Throughout the years, Boston College’s Women’s Resource Center (WRC) has dedicated itself to providing women in the BC community access to social justice programs and support for the attainment of their personal goals. This week, the WRC kicked off its five-day educational series titled C.A.R.E. (Concerned About Rape Education) Week on Monday, April 8. The week aims to raise awareness about sexual assault and intimate partner violence.
According to statistics compiled by the New York State Coalition Against Sexual Assault (NYCASA), at least 1 in 4 college women will be a victim of sexual assault during her academic career. Moreover, at least 80 percent of all sexual assaults are committed by an acquaintance of the victim. Such shocking statistics can fly under the radar in the face of overly-publicized announcements of drug and alcohol abuse on college campuses. The WRC hopes that through CARE Week, BC students can deepen their knowledge of issues of rape on campus and the affect it has on the community.
The programs and events aim to educate students about the prevalence of rape and sexual assault both on and off campus and include topics such as the definition of consent, ways to recognize and navigate unhealthy relationships, how to be a proactive bystander or help a friend who has survived a sexual assault, and destructing the stigma associated with sexual assault survivors.
Throughout the week, the students are also offered information about resources on- and off-campus available to them, such as SANet (Sexual Assault Network).
The week started off with The Clothesline Project, an awareness-raising initiative for survivors of sexual assault and/or domestic partner violence, where students write supportive messages on t-shirts to be hung up in O’Neill Plaza throughout the week.
Other events include a panel on sexual violence in LGBTQ communities, the showing of a documentary titled “Flesh,” which addresses sex trafficking in the United States (co-sponsored by REACT), and “In Our Own Voice,” a performance-style reading of monologues written about the stories of female veterans in the military (co-sponsored by UGBC and LSOE).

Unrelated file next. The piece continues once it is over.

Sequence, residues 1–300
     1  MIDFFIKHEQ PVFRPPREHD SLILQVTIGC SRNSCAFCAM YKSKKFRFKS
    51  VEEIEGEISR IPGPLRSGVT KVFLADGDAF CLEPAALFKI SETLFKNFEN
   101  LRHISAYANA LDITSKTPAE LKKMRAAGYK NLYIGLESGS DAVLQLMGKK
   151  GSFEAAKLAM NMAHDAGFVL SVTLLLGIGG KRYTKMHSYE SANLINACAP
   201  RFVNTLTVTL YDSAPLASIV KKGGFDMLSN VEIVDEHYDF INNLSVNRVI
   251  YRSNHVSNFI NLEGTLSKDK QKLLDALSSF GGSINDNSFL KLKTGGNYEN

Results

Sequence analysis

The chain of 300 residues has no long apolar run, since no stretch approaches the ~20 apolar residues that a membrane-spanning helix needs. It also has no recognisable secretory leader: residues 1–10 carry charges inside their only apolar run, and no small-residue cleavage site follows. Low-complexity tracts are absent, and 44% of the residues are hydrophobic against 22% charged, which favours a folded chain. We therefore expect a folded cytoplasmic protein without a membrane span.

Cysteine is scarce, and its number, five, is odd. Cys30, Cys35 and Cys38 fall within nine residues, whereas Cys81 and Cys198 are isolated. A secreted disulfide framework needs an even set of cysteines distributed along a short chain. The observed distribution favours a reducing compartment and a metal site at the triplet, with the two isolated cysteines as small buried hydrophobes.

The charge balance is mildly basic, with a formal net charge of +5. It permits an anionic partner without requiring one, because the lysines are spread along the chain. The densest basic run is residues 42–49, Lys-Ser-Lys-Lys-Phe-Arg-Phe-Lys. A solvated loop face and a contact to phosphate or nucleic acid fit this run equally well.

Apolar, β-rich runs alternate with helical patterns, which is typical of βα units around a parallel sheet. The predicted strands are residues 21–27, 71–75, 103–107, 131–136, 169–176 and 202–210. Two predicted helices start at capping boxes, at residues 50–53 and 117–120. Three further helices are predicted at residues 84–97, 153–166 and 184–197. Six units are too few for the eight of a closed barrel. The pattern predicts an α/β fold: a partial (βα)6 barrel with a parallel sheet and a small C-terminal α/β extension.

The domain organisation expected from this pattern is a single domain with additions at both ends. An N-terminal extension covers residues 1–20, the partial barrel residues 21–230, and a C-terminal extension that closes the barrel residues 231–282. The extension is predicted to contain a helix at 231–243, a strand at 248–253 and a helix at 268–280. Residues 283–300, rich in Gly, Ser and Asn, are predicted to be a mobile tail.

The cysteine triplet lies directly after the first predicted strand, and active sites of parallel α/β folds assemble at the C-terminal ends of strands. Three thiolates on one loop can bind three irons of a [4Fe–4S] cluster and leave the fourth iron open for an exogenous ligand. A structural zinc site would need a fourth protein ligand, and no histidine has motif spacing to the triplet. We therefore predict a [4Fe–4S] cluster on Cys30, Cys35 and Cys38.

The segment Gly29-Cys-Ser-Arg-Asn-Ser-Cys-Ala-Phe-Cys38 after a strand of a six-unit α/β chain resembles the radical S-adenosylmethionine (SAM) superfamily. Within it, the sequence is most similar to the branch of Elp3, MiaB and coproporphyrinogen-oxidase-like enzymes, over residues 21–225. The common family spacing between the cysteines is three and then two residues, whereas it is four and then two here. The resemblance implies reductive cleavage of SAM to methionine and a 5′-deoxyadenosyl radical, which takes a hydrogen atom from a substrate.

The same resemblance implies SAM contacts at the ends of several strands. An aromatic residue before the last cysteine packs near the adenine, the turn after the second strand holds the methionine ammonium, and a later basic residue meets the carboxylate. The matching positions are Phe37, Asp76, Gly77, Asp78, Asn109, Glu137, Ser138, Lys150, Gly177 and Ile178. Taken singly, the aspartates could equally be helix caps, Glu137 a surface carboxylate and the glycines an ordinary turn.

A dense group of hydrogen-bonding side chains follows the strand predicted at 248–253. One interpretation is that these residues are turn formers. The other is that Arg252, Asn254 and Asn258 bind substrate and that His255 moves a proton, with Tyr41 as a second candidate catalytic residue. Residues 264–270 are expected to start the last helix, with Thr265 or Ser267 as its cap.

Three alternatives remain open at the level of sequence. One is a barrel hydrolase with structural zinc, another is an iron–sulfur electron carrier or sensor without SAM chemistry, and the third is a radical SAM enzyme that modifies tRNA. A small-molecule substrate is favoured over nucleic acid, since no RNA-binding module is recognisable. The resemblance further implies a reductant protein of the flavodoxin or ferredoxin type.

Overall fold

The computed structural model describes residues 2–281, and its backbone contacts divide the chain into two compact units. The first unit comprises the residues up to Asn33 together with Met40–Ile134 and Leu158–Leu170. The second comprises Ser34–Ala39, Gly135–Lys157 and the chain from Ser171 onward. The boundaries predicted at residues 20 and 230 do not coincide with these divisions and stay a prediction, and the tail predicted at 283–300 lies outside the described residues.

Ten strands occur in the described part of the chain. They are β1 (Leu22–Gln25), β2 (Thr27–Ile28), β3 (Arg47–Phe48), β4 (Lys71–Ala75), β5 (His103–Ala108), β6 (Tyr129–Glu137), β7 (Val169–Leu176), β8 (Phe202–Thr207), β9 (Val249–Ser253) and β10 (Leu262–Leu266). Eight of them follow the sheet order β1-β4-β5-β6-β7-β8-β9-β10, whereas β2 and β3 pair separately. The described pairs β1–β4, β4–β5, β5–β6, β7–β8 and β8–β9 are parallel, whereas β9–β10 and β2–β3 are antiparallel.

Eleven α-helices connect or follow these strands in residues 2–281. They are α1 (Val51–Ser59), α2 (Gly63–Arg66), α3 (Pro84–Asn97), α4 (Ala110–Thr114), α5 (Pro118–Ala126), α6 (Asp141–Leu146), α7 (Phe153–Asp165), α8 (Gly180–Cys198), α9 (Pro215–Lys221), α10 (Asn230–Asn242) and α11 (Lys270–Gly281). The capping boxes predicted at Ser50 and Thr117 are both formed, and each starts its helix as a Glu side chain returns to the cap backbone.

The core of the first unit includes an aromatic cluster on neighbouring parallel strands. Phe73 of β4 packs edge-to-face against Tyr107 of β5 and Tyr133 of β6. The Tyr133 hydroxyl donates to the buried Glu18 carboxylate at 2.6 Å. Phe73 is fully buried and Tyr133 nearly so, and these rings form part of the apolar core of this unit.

The highlight of the week, “Take Back the Night,” will be held Wednesday, April 10, at 6 p.m. in O’Neill Plaza. The powerful event will feature the stories of BC students who are survivors of rape and sexual assault and who will bravely share their stories in order to increase consciousness of these crimes and educate the BC community.
“This event always draws the largest attendance,” said Keun Young Bae, staff member at the WRC and the student director of CARE Week and A&S ’13. “It is an opportunity for the BC community to show support for the survivors who speak at the event as well as those in the audience who may have experienced, or know someone who has experience, sexual violence.”
Young believes that the response from the Boston College community to CARE Week has been generally positive.
“We work very closely with representatives from student organizations and offices on campus to co-sponsor most events during the week, which is a contributing factor to the diverse audience,” she said.
CARE Week events have been well-attended thus far with 60-80 people attending just the events in the past few days.
Young attributes the particularly high attendance to last year’s events to the controversy that occurred with Barstool Sports’ dismissive comments about rape, which she believes has “certainly got the conversation started.”
“It is great to see many students from diverse backgrounds and interests attend our events, especially Take Back the Night,” said Young. “I think the week provides an opportunity for the BC community to think critically about any misconceptions they may have towards these issues, learn about resources, and offer support.”
More information about CARE Week and the specific events can be found online on the Women’s Resource Center’s website.